Players in the renewable energy sector are stepping up the promotion of energy conservation, efficiency and knowledge transfer as the country continues to find alternatives to the raging energy crisis.
Consequently, the Institute of Industrial Research (IIR) of the Council for Scientific and Industrial Research (CSIR) has so far trained a total of 1,742 electricians in Solar Photovoltaic (Solar PV) Design, Sizing, Installation and Maintenance.
The beneficiaries are certified electricians who are members of the Certified Electrical Wiring Professionals (CEWPAG) and were drawn from all regions of the country.
Solar PV is a technology that converts sunlight (solar radiation) into direct current electricity by using semiconductors. When the sun hits the semiconductor within the PV cell, electrons are freed and form an electric current. Solar PV technology is generally employed on a panel (solar panels).
The country has for decades relied solely on hydropower, generated by three dams, of which the Akosombo Dam is the largest. The Akosombo Dam was originally built in the 1920s to serve the British. It was revamped in the 1950s by Dr Kwame Nkrumah, Ghana’s first president, to serve the newly independent nation. Since then, two more dams have been built to meet Ghana’s growing energy needs. Ghana exports electricity to the neighbouring countries of Benin, Togo, Cote d’Ivoire and Burkina Faso. Despite generating enough electricity to afford exporting to other countries, Ghana is in an energy crisis, with unpredictable power supply to industries and homes. ‘Dumsor’ refers to the problem of frequent power outages in Ghana.
The country has had periods of load shedding exercises in the past; in 1983, 1998, 2006/7, and as recently as few days ago. In the last few years, however, the situation has become dire. Electricity demand has seen an increase of about 52% over the course of the last decade (from 2006 to 2016). The installed generation capacity has almost doubled within the same period. Despite this, dumsor still occurs on an almost daily basis. The situation can be ascribed to the fact that due to fuel supply challenges, the installed generation facilities are unable to function as they are intended to.
In recent years, due to a drought that has lowered the water levels in the Volta River (which feeds the lake), and subsequently the Volta Lake, the dam has seen a consistent drop in water levels below the acceptable operational levels. Thus, the Akosombo Dam and the two other dams – Kpong and Bui – have been operating at diminished capacities of 900, 140 and 342 MW instead of at their operating installed capacity of 1020, 160 and 400 MW, respectively.
Energy experts have in recent years advocated a departure from the over-reliance on electric energy to the usage of renewable energy sources such as Solar PV.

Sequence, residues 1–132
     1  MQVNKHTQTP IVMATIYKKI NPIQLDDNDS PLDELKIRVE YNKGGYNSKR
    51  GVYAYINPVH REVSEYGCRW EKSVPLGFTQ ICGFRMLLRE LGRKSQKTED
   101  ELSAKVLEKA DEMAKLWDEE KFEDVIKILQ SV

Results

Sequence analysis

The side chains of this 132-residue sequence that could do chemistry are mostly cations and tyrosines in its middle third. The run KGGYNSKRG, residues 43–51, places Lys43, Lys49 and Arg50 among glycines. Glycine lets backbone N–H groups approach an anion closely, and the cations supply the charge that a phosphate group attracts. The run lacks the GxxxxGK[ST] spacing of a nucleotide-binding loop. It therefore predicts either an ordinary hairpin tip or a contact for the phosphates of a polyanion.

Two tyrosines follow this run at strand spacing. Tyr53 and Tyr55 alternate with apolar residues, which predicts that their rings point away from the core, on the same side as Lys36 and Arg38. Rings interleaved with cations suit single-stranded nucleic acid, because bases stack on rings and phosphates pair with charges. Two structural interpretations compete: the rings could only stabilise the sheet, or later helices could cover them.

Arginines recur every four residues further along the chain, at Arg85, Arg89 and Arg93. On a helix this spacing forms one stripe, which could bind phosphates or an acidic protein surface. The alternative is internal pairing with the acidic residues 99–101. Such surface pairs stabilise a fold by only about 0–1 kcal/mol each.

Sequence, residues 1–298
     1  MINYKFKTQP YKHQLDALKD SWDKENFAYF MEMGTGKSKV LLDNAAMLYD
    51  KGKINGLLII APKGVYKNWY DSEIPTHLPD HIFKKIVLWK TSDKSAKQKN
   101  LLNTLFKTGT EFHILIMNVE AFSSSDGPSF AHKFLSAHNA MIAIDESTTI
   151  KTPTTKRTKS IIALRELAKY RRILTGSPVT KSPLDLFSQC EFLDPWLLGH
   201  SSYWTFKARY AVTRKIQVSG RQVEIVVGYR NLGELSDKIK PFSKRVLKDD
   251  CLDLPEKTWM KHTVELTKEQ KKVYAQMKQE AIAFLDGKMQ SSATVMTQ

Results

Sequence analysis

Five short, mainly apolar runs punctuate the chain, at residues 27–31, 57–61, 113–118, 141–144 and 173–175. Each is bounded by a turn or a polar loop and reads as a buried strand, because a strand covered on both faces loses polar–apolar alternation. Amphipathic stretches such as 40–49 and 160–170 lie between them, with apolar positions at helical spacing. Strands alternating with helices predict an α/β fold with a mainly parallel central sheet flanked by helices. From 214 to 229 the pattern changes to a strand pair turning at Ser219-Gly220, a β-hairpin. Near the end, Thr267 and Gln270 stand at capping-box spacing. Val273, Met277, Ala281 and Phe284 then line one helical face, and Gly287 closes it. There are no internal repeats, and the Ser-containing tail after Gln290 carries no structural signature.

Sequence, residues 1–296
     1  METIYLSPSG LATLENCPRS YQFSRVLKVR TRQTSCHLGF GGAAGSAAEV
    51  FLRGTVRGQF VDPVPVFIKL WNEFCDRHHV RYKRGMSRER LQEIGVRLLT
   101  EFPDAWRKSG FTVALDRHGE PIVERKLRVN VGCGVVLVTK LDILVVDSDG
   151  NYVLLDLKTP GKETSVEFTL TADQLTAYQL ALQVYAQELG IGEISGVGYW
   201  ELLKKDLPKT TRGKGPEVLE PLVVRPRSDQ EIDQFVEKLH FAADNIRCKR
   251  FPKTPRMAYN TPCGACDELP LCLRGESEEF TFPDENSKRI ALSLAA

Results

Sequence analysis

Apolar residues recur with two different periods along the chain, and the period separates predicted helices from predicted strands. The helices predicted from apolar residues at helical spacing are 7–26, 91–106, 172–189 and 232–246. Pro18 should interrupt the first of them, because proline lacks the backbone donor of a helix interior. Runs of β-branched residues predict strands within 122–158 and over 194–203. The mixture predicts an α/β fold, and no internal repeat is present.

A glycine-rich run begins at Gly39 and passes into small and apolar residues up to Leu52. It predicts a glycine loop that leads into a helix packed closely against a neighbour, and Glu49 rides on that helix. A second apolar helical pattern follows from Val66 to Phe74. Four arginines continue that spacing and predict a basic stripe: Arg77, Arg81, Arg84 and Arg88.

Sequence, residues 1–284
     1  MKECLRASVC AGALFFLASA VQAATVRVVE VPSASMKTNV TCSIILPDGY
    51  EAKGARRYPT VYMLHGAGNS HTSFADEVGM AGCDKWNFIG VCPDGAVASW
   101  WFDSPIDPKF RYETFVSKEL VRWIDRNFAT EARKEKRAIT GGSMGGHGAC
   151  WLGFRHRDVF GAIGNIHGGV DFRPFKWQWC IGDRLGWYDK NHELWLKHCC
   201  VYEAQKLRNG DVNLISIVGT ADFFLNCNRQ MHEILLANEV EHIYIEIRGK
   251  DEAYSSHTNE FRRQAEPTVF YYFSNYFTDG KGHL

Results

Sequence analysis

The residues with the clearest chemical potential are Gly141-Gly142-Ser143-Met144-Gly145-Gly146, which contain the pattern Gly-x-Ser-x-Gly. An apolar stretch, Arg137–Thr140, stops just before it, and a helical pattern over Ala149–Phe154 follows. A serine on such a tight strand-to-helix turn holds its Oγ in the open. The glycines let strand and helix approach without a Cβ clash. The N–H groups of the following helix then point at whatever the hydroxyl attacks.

To increase the rate of penetration of Solar PV usage, CEWPAG began a six-month project to train its members to reposition them for an impending Solar PV usage boom.
Partners on the project include the Energy Commission, the Electricity Company of Ghana and Telsol KA Ltd, with the IIR of CSIR providing the technical training, with funding from the Skills Development Fund (SDF) and the Danish government through DANIDA.
Speaking at the closing ceremony of a five-day Training-of-Trainers Workshop in Accra, training co-ordinator of the project, Mr Eric Nyarko said the trainees were taken through overview of the energy situation in Ghana, solar energy systems (PV and thermal), charge controllers, invertors, batteries, health and safety, and marketing.
He said that with an average of four-hour sunshine, conscious effort ought to be made to increase the utilisation of solar energy.
“Solar is no longer expensive. These days, the cost of the panels has reduced drastically, and with the number of people trained, the country now has adequate expertise to aid the penetration of solar PV as an alternative energy source,” he added.
The National President of CEWPAG, Mr Wisdom Gakpo, said the trainings are in preparation for an anticipated upsurge in solar use, saying the over 1,500 professional installers are ready and well-equipped to address all solar PV-related concerns.
A participant from the Upper West Region, Mutawakilu Mogtari appealed for a government subsidy for the importation of solar components, to make it more affordable for potential users to increase its usage.
He added a high solar penetration will substantially lift the burden on traditional energy sources, which have proven to be inefficient, unreliable and exhaustive, and further conserve the environment.
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